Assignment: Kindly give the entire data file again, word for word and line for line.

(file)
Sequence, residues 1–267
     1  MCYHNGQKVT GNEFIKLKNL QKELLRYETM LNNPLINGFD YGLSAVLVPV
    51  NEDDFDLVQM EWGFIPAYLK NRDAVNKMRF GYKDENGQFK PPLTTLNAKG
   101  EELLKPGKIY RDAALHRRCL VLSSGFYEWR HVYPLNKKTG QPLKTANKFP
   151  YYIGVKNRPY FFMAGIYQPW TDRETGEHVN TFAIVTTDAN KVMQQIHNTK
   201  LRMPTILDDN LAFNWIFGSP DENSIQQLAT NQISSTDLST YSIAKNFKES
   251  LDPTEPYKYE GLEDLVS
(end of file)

Sequence, residues 1–267
     1  MCYHNGQKVT GNEFIKLKNL QKELLRYETM LNNPLINGFD YGLSAVLVPV
    51  NEDDFDLVQM EWGFIPAYLK NRDAVNKMRF GYKDENGQFK PPLTTLNAKG
   101  EELLKPGKIY RDAALHRRCL VLSSGFYEWR HVYPLNKKTG QPLKTANKFP
   151  YYIGVKNRPY FFMAGIYQPW TDRETGEHVN TFAIVTTDAN KVMQQIHNTK
   201  LRMPTILDDN LAFNWIFGSP DENSIQQLAT NQISSTDLST YSIAKNFKES
   251  LDPTEPYKYE GLEDLVS